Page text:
Local Cannabis Shops Open Ahead of Recreational Licenses



Empire Cannabis Clubs on the corner of 8th Avenue and 17th Street. Photo: Jess Wade

On the corner of West 26th Street and 8th Avenue in Chelsea, a newly opened marijuana dispensary called Sky Light replaces a long-time local business. Last month, Uriel’s Shoe Repair, a former Chelsea institution, was forced to close because of rising rent. Uriel’s isn’t alone, and many once long-standing businesses are now home to a green cross sign, designating they are selling cannabis for medicinal use. Others are designated with the marijuana leaf.

“They are popping up everywhere and replacing businesses loved by the community,” said longtime Chelsea resident Fernando Rodas.

Last year, the state legalized marijuana for recreational use but it is still against the law to sell, except for medicinal purposes, a practice that’s been allowed in the state since 2016. The application window for the first retail dispensaries to get a permit to open for recreational sales closed on September 26. But ahead of that deadline, dozens of dispensaries were already operating in Chelsea alone. Since it’s not yet possible to get a permit, some retailers are finding loopholes.

Empire Cannabis Clubs, on 8th Avenue near 17th Street is easy to spot because of its long line and large number of employees. The shop opened over a year ago, deeming itself a membership club, rather than a cannabis business, but its product selection includes marijuana, edibles, pre-rolled joints and vape cartridges.

Fatima Afia, a New York cannabis attorney based in Midtown, said the industry is a “gray space,” adding that, “there’s no law that outright makes it illegal to sell cannabis without a license but it’s clear in the Marijuana Regulation Taxation Act that you need a license to operate a business,” she said.

Empire Cannabis Clubs declined to comment on its current operation practices but in response to a Google- verified review, the company said its running a legal membership-based business and does not believe it’s in violation of any laws. Because of this, it said in the review, it hopes to “keep the club moving forward for years to come.”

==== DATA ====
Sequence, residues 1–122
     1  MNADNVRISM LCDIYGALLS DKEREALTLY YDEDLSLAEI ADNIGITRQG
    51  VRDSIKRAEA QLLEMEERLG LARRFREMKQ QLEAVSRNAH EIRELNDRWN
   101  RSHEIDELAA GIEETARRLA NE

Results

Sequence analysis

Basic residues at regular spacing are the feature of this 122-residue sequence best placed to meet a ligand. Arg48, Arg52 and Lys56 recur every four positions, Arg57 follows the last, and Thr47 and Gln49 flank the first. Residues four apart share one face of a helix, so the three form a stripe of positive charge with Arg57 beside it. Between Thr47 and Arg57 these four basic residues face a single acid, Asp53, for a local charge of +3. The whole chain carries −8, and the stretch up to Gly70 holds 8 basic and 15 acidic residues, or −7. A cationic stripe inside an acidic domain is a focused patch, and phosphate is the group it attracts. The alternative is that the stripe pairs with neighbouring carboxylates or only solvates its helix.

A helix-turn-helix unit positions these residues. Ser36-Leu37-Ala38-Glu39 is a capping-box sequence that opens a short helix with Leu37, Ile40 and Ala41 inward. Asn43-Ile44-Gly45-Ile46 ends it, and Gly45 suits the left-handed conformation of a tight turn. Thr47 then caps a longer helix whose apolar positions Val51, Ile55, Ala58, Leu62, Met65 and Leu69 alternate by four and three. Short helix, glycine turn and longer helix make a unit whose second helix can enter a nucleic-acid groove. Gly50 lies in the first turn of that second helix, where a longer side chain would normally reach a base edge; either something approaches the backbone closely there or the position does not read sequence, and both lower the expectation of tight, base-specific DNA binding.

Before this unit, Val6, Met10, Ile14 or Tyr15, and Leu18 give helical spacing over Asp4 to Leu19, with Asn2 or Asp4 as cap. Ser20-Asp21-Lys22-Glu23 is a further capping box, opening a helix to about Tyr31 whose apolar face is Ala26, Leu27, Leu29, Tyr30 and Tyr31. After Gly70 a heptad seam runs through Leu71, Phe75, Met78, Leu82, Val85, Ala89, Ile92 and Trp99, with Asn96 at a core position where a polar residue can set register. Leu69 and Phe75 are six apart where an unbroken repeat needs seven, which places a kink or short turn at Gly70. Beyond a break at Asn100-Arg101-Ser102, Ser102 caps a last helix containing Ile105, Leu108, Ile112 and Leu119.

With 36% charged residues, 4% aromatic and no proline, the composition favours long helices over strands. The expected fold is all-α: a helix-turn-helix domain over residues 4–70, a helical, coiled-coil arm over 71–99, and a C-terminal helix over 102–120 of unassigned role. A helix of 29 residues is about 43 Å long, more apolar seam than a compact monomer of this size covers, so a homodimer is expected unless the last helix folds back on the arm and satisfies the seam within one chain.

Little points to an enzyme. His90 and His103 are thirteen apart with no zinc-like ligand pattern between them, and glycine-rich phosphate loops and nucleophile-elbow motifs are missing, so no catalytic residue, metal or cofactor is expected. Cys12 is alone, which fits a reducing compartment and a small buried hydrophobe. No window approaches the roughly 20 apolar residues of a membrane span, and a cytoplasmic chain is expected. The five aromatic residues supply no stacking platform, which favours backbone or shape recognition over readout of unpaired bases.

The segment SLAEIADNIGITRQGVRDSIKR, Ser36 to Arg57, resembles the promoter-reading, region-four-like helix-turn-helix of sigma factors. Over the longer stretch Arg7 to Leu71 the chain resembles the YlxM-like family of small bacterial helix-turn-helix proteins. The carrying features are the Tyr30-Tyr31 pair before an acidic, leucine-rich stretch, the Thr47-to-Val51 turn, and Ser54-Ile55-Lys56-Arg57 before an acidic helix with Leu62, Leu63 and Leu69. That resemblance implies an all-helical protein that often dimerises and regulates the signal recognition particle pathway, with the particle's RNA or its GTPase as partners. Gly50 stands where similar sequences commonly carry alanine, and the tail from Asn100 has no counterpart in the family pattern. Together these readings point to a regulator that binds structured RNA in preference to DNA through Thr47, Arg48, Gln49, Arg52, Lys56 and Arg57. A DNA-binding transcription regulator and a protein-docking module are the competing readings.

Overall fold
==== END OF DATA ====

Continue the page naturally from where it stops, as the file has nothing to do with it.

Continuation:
Last year, the state established the Office of Cannabis Management, which includes an enforcement division. But Afia explained that the office is not a law enforcement agency and its work must be done in coordination with the New York Police Department.

So far this year, the office has issued 52 businesses cease and desist letters for unlawfully selling cannabis statewide. The orders indicate that if the businesses continue to sell cannabis, eligibility to apply for a future license is at substantial risk. It also states significant fines and criminal penalties are possible.

Empire Cannabis Clubs is among those businesses. It received the order in July, according to publicly available documents. Despite this, the store is still in business selling cannabis products.

“I have not seen efforts by the city to close down these shops and that’s why I and several other local elected officials have written to the city urging that it crack down on them,” said State Assembly Member Richard Gottfried, who has represented Chelsea for 19 years. Gottfried is a staunch supporter of access to medical marijuana but does not feel the same rules should apply to recreational sales.

“This is a consumer protection issue. If people are going to go into a store and buy marijuana, they ought to have some assurance that it has been made under appropriate safety guidelines,” he said.

The Executive Director of the Office of Cannabis Management, Chris Alexander, said the office will collaborate with other agencies to tackle the growing issue. “We look forward to working with other regulatory bodies across the state to hold these stores accountable for their flagrant violations of the law,” he said.

But New York State Director at the National Federation of Independent Business, Ashley Ranslow, said the industry’s rapid growth combined with an inexperienced office is contributing to the problem. “The Office of Cannabis Management is so new and while they are trying to focus on getting the licensing process done and getting the first round of licenses awarded, they are forgetting the enforcement part,” she said.

While some are hoping for change, it seems likely that several more dispensaries will open soon. With the permit application window now closed, the state plans to issue between 100 and 200 recreational selling permits before the end of the year, according to the Office of Cannabis Management. At least half will be reserved for residents with previous marijuana convictions and will cost an estimated $2,000 with a two-year renewal period.

“These stores are ugly, empty of customers and yet another seems to open weekly,” said Chelsea resident Bronte Sutton.